How Did Artichokes Become a Jewish Vegetable?

According to a recent ruling by Israel’s chief rabbinate, a pious Jew who wishes to eat an artichoke must first remove the leaves and inspect them for insects; any other preparation is a violation of kashrut. Italian Jews, however, have been eating artichokes without such precautions for centuries, and deep-fried whole artichokes are so associated with the Roman Jewish community that they are known simply as carciofi alla giudia. Dan Rabinowitz comments on the earliest Jewish texts that mention the vegetable:

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Read more at Seforim

More about: Israeli Chief Rabbinate, Italian Jewry, Jewish food, Kashrut, Naftali Herz Wessely, Religion & Holidays

 

Benny Gantz Should Be Praised for Compromising, Not Condemned for Capitulating

March 30 2020

After three inconclusive elections in a year’s time, Israel’s political stalemate seemed to come to an end last week when the leaders of the two largest parties—Benny Gantz and Benjamin Netanyahu—agreed to form a governing coalition together with some of the smaller parties. According to the deal, Netanyahu will serve as prime minister for eighteen months, after which he will be succeeded by Gantz. This compromise, paradoxically, has led to the breakup of Gantz’s Blue and White party, as two of its three constituent factions have refused to join the unity government. Their leaders have denounced Gantz for supposedly crumbling before Netanyahu, but Jonathan Tobin argues that he has acted bravely:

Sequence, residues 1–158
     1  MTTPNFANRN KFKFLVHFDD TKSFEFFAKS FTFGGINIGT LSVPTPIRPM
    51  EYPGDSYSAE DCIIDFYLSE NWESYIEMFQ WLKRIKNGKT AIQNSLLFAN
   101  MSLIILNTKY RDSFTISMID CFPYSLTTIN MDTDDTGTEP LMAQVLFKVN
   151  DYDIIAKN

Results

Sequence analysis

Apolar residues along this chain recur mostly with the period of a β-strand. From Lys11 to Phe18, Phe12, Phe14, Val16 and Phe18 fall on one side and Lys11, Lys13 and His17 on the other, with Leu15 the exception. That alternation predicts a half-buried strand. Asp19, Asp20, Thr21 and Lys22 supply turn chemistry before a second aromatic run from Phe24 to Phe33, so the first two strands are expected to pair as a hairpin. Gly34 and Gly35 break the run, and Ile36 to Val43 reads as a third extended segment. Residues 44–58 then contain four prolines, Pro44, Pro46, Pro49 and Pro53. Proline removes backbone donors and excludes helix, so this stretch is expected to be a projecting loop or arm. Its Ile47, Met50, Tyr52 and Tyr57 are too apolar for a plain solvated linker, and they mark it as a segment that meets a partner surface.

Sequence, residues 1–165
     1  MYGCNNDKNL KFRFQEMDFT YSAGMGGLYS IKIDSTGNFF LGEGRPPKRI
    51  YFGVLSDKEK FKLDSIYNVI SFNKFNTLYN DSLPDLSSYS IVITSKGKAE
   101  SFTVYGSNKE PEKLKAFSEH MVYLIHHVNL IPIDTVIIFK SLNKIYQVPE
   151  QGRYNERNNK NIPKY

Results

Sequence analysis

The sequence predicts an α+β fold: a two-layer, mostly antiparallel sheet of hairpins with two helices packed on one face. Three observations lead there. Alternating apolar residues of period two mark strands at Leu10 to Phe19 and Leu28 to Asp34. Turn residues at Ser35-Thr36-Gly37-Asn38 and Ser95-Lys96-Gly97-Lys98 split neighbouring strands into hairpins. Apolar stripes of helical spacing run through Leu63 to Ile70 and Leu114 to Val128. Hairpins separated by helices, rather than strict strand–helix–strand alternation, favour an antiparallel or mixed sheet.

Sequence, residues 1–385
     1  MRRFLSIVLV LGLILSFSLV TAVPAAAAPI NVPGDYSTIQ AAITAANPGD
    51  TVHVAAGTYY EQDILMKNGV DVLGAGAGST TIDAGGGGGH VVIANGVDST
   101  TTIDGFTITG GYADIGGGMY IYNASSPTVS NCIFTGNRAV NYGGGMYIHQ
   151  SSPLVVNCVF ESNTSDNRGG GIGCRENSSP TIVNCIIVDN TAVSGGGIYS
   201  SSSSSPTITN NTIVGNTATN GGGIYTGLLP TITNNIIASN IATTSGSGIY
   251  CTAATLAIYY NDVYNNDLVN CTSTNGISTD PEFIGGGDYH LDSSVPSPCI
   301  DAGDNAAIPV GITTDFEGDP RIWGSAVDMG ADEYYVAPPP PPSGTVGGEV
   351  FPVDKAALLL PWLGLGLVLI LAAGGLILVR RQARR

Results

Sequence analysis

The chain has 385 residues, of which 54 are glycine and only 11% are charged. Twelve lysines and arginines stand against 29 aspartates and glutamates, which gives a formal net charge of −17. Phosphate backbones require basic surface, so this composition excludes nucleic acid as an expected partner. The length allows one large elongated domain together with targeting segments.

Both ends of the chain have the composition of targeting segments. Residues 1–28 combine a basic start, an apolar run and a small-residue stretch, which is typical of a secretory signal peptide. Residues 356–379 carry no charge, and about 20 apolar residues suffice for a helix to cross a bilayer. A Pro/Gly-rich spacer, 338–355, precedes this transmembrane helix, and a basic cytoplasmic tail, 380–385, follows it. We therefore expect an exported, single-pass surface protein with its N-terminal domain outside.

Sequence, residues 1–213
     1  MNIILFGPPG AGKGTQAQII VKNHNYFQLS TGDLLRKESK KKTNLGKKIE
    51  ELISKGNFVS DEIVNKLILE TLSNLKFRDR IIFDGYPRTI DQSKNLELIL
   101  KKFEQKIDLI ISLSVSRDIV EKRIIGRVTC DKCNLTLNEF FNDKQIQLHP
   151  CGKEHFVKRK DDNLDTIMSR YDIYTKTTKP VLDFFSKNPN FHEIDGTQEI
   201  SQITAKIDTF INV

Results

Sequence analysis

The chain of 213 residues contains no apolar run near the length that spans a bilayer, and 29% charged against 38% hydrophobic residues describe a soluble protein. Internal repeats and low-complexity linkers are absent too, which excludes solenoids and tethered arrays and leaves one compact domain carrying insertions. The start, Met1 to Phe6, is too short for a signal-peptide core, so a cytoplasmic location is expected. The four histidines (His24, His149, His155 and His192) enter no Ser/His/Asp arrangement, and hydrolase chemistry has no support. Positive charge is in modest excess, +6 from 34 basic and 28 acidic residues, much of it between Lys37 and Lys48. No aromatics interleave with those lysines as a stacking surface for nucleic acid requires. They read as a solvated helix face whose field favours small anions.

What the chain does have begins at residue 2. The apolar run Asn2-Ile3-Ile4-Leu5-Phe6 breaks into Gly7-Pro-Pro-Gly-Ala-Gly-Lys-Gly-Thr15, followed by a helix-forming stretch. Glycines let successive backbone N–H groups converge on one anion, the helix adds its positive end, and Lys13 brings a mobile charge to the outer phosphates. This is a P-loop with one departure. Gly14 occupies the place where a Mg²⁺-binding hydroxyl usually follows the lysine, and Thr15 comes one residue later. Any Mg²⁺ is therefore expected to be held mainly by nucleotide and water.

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Read more at JNS

More about: Benjamin Netanyahu, Benny Gantz, Israeli politics, Moshe Yaalon, Yair Lapid